Interactive Investor

Five Asian trusts in bargain territory as markets plunge

8th January 2016 09:50

by Rebecca Jones from interactive investor

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Many prominent Asia specialist investment trusts are trading toward the bottom of their six-month share price discount to net asset value (NAV) ranges, reflecting weak performance last year and a poor start for Asian markets in 2016.

According to broker Stifel, some of the "cheapest" trusts include Aberdeen Asian Smaller Companies, one of our sister magazine Money Observer's Rated Funds, which is currently trading on a 15% discount to NAV - the widest point of its six-month 15% to 7% discount range.

Fellow Money Observer Rated Fund Pacific Assets is trading on a 5% discount, which is also at the lower end of its six-month range of 7% discount to 7% premium.

Stifel notes that Pacific Assets' performance has also been relatively good compared with its peer group, with its one-year NAV total return down 1% against a 6% decline for the Association of Investment Companies' (AIC's) Asia ex Japan sector.

The broker says that Schroder Asia Pacific also "offers value" on a 12% discount, which compares favourably with its six-month range of 12% to 6% discount.

Scottish Oriental Smaller Companies - another Money Observer Rated Fund - which has recently seen some management change, is on a 13% discount compared with a one-year range of 14% to 1%.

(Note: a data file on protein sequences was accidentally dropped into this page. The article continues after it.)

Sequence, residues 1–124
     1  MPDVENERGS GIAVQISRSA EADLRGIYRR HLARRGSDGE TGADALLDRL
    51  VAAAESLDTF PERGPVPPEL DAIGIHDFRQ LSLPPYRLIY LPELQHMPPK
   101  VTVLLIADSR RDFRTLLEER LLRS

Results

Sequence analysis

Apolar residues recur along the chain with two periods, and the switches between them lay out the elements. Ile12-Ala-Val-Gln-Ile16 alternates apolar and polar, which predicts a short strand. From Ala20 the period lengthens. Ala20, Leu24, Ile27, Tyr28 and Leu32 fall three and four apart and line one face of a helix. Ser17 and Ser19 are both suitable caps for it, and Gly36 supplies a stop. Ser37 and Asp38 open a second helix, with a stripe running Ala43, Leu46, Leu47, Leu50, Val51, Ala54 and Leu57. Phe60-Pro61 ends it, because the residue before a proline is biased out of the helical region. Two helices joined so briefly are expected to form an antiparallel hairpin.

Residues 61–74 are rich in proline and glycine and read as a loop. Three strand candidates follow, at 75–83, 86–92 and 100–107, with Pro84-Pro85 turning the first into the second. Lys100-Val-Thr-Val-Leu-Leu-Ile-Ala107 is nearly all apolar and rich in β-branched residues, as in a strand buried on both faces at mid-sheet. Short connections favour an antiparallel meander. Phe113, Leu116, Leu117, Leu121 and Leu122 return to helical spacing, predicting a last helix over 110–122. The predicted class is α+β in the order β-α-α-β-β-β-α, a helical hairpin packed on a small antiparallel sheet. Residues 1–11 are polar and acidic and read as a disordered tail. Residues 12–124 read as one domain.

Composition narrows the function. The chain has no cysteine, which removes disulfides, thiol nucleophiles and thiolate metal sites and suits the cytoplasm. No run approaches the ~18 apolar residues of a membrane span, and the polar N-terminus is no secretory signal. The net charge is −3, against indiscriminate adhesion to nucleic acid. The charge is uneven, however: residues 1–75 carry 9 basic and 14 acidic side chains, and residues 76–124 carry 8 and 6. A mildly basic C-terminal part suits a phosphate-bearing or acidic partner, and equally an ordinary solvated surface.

Outside of Asia, Stifel says that Polar Capital Global Healthcare "appears cheap" on an 8% discount. This is its widest level for six months, during which the discount has ranged from 8% down to 1%.

Over one year Polar Capital Global Healthcare's NAV has risen 5%, while shares have returned 2.5%; this compares to respective averages of 12.2% and 18% from the biotechnology sector, potentially explaining the trust's widening discount.

Europe and UK Smaller Companies expensive

In contrast, Europe and UK smaller companies vehicles dominate Stifel's list of expensive trusts, reflecting strong performance throughout 2015 as well as a relatively benign economic outlook for both regions this year.

Topping the list is Money Observer Rated Fund Henderson European Focus, which is trading at a premium of 7%. This is at the top of its six-month range of a 7% premium to par value, and is well ahead of its six-month average premium of 3%.

Over one year the trust's performance has been in line with the AIC Europe sector, with shares returning 13% compared to an average of 11.3% from the latter. Stifel points out that the trust is issuing new shares, which may impact its premium.

The broker says fellow Money Observer Rated Fund JPMorgan European Income also looks expensive at a 1% premium against its six-month range of 2% premium to 5% discount.

Over the last year, UK smaller companies trusts have significantly outperformed larger company trusts, partly due to lower exposure to mining and oil and gas companies, while returns have been boosted by narrowing discounts.

Standard Life UK Smaller Companies, managed by star manager Harry Nimmo, is currently trading at a premium of 1%, which is expensive compared to its six-month average discount of 5%.

The trust's performance recovered in 2015 after a relatively weak 2014, with shares returning 40.4% compared to an average 25% from the UK smaller companies sector.

BlackRock Throgmorton has also seen a significant re-rating, trading on a 6% discount compared to a six-month range of 5% to 16%.

Mercantile, which has significant exposure to medium-sized FTSE 250 companies, is trading at close to its narrowest discount for a year at 7%, compared with a 12-month range of 6% to 13%.

This article is for information and discussion purposes only and does not form a recommendation to invest or otherwise. The value of an investment may fall. The investments referred to in this article may not be suitable for all investors, and if in doubt, an investor should seek advice from a qualified investment adviser.

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